Recently, the FDA issued long-awaited new sunscreen labeling rules. For the first time, the label terms which had no official or scientific basis (such as “waterproof” or “sweatproof” or “sunblock”) will be replaced by meaningful terms supported by valid testing and clear rules. The rules take effect in June 2012.
What does this mean to you?
Well, beginning in June, if you see the words “Broad Spectrum”, you can be confident that you have both UVB (burning ray) and UVA (aging ray) protection–which is what I recommend for both skin cancer prevention and anti-aging. Even skin of color patients will benefit from the broad spectrum sunscreen.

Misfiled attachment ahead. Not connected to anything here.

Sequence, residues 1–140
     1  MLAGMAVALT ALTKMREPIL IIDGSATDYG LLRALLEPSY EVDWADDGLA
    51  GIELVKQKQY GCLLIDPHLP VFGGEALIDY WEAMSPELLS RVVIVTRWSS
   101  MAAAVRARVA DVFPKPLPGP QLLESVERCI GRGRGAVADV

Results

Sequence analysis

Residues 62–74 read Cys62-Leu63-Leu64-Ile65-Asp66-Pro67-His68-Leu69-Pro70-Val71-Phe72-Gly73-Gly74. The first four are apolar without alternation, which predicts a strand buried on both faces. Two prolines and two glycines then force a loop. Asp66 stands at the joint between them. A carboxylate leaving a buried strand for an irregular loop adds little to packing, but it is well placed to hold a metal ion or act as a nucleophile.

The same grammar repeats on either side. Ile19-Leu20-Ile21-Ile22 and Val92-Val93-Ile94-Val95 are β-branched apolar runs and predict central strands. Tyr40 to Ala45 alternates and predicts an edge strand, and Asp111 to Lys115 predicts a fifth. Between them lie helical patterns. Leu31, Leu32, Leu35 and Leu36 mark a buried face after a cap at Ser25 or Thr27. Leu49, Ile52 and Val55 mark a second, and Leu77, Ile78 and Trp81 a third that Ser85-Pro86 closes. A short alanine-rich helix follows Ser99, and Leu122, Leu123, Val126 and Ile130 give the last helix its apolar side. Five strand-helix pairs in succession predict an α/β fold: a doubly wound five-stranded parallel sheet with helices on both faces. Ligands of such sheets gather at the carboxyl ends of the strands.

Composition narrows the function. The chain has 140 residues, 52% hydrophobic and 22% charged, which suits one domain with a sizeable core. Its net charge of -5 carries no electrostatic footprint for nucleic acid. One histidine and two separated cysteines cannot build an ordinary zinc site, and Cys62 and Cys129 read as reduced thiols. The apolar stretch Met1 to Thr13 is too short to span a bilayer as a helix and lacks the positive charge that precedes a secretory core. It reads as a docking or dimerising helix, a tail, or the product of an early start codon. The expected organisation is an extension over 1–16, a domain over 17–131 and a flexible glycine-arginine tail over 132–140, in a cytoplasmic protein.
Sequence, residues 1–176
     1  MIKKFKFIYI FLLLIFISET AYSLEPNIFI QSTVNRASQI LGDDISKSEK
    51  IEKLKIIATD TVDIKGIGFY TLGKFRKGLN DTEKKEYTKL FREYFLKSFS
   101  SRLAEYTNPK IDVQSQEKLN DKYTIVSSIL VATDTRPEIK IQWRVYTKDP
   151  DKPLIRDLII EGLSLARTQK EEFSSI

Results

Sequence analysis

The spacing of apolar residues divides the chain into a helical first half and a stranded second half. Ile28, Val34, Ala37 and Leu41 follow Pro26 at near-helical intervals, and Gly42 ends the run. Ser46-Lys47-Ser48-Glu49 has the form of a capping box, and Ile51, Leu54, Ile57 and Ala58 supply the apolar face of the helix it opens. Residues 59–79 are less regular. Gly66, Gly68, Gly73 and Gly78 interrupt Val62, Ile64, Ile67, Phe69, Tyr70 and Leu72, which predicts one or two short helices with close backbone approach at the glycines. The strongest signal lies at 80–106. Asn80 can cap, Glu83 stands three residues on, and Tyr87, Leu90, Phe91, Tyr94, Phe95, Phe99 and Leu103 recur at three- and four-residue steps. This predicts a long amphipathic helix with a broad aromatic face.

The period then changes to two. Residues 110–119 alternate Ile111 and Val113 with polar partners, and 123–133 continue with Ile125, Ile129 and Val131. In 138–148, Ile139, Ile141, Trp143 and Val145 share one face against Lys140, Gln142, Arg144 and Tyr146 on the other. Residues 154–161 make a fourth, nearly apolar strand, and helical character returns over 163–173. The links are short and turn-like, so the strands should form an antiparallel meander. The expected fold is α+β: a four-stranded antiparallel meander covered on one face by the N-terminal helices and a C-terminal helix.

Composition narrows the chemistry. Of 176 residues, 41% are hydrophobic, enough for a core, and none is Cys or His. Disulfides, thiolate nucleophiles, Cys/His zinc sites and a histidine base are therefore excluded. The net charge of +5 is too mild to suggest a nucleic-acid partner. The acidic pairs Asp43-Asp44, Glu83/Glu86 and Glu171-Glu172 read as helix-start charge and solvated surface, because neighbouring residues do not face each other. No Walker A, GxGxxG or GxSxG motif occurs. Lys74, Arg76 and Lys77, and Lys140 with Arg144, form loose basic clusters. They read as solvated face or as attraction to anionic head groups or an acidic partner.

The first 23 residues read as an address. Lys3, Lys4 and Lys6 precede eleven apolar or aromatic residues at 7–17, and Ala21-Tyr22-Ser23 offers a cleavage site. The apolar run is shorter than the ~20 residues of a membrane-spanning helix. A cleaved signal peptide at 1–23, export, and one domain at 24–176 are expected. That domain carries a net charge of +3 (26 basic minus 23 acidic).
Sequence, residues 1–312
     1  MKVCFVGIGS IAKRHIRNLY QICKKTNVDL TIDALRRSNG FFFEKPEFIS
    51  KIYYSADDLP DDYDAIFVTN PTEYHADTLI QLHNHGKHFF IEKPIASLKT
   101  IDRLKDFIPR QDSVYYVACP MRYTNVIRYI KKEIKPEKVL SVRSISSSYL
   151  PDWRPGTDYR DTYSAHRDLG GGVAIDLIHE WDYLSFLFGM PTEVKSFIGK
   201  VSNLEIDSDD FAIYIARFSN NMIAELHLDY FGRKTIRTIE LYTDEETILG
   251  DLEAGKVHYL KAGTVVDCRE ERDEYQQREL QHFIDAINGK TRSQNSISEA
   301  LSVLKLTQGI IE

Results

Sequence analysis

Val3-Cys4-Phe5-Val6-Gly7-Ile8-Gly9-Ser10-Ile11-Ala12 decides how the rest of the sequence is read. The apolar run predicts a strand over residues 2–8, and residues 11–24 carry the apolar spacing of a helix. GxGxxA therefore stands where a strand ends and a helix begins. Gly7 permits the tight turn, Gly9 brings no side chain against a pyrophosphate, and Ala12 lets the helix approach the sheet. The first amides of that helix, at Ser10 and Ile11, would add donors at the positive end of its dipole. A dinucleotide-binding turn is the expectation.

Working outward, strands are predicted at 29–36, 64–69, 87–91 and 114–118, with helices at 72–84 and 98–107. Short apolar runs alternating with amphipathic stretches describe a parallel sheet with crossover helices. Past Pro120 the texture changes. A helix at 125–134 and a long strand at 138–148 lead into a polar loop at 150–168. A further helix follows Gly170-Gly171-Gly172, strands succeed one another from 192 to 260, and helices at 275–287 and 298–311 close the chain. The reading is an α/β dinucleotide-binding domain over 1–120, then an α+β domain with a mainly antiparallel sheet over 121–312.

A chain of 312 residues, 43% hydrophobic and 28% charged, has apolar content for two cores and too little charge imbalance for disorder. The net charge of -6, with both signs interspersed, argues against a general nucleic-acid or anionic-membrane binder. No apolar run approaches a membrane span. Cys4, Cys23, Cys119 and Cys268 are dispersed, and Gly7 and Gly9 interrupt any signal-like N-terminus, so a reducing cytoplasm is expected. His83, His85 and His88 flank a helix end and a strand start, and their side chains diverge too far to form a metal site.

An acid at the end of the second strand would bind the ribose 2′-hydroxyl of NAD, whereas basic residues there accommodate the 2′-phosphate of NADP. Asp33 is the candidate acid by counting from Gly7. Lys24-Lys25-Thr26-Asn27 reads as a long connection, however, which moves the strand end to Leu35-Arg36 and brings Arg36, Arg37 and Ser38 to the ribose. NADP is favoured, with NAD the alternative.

Sunscreens which have some water resistance will be labelled “water-resistant” and specify resistance to either 40 or 80 minutes o f swimming or sweating. Also, sunscreen companies must prove if their product provides sun protection more than two hours without reapplying.